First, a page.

Bambai Main Ka Ba: Manoj Bajpayee is the coolest Bhojpuri rapper as he shares the struggle of migrant workers, watch
Manoj Bajpayee’s most recent avatar - that of a rapper - will most likely impress many, especially those from his native place Bihar. Watch his first song as a Bhojpuri rapper here.Updated: Sep 09, 2020, 13:52 IST
Actor Manoj Bajpayee and filmmaker Anubhav Sinha have teamed up for Bhojpuri rap song on migrant workers, Bambai Main Ka Ba and the song is now out. The song chronicles the journey and emotions of a migrant worker who leaves the comfort of home behind to move to a bigger city for the sake of livelihood.
The video opens with rushed visuals of migrants struggling for basic needs such as food and shelter. Manoj then enters the picture at the Mumbai Central Railway station. With the help of the lyrics and the video, we are then taken through the feelings of a migrant worker who loves the scent of the earth in his native village but is stuck in a metro for the sake of earning their daily bread.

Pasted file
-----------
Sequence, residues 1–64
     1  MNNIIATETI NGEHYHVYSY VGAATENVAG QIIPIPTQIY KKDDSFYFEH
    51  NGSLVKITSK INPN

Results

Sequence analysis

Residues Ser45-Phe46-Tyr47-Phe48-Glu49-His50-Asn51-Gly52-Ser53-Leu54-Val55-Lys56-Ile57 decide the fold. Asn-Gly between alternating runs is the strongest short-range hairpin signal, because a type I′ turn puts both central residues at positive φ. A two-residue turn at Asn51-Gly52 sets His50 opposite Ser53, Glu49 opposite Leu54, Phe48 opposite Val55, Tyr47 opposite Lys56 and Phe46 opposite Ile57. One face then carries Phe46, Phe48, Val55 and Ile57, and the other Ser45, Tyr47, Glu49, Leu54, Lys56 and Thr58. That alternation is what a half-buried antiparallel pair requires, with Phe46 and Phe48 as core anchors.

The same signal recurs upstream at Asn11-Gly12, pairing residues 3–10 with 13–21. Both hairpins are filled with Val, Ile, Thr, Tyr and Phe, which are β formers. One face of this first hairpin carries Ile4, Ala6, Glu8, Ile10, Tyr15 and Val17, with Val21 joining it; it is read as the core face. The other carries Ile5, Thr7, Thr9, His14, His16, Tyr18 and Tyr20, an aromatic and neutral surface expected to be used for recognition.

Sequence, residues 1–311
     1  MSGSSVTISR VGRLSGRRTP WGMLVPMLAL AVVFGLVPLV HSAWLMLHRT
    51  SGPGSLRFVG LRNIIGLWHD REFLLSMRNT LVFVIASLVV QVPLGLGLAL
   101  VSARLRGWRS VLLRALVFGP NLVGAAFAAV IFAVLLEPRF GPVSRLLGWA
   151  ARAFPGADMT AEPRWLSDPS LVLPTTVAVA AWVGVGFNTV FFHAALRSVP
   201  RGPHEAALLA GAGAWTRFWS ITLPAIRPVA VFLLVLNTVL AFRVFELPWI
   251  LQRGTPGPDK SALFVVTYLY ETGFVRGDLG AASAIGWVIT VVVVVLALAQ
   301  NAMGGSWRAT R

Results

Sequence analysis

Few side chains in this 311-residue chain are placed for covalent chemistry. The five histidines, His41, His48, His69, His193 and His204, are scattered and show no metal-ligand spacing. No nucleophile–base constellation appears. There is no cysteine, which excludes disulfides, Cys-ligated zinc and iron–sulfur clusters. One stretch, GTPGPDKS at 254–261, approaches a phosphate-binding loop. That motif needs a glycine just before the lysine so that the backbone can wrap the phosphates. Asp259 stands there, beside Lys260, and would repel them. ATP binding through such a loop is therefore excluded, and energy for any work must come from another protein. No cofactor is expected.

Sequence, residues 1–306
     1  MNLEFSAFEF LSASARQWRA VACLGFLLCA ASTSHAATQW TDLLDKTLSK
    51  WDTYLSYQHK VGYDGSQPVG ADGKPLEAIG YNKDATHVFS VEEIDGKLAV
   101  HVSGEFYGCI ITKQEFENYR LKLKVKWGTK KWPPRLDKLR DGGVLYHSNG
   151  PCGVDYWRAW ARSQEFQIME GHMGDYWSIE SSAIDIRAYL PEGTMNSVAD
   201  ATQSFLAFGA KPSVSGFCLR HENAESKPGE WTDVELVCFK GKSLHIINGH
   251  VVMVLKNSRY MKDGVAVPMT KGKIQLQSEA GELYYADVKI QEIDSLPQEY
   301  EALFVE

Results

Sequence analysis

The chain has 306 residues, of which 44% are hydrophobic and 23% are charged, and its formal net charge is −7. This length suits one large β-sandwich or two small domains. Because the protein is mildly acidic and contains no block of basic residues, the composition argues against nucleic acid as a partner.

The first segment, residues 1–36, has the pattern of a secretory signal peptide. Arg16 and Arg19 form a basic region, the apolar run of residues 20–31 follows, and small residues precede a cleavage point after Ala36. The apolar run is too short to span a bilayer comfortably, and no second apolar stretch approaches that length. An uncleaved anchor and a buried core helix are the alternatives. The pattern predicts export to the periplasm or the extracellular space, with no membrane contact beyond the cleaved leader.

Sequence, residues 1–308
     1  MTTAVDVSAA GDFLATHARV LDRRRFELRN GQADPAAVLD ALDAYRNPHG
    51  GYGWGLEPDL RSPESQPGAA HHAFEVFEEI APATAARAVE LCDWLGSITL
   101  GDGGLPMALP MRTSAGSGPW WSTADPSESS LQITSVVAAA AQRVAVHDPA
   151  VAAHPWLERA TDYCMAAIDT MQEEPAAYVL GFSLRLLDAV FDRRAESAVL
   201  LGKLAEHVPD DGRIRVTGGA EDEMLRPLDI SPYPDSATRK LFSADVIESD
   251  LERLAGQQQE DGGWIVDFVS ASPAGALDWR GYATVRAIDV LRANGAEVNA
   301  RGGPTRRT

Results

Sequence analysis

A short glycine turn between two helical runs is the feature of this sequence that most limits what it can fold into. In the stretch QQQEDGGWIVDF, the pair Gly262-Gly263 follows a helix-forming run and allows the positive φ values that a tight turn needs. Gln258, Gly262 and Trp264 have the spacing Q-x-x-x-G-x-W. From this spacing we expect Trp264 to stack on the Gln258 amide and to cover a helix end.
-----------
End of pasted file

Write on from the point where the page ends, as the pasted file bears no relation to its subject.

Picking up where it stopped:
Directed and conceptualised by Anubhav , the song has been penned down by Dr Sagar and crooned by the actor. Sankarshan Thakur has written the English lyrics for the song that landed online Wednesday afternoon. Anurag Saikia has composed the music for the song and some news footage has been used for the visuals.
Sharing the song, Manoj tweeted, “Presenting you the most awaited Janata ke bharpoor maang par with love Beating heart #BambaiMeinKaBa https://bit.ly/35kcYBS @anubhavsinha @itsBhushanKumar @TSeries @BenarasM @AnuraagPsychaea @DrsagarJNU @BenarasB #BambaiMainKaBa.”
Speaking about his own journey from a small village in Bihar to Mumbai, Manoj had told Humans of Bombay, “I’m a farmer’s son. I grew up in a village in Bihar with 5 siblings–we went to a hut school. We led a simple life, but whenever we went to the city, we’d go to the theatre. I was a Bachchan fan and wanted to be like him. At 9, I knew acting was my destiny,” he said.
Talking about how he faced rejections in Mumbai, he said, “Initially, it was tough–I rented a chawl with 5 friends & looked for work, but got no roles. Once, an AD tore my photo & I’ve lost 3 projects in a day. I was even told to ‘get out’ after my 1st shot. I didn’t fit the ideal ‘hero’ face–so they thought I’d never make it to the big screen. All the while, I struggled to make rent & at times even a vada pav was costly.”
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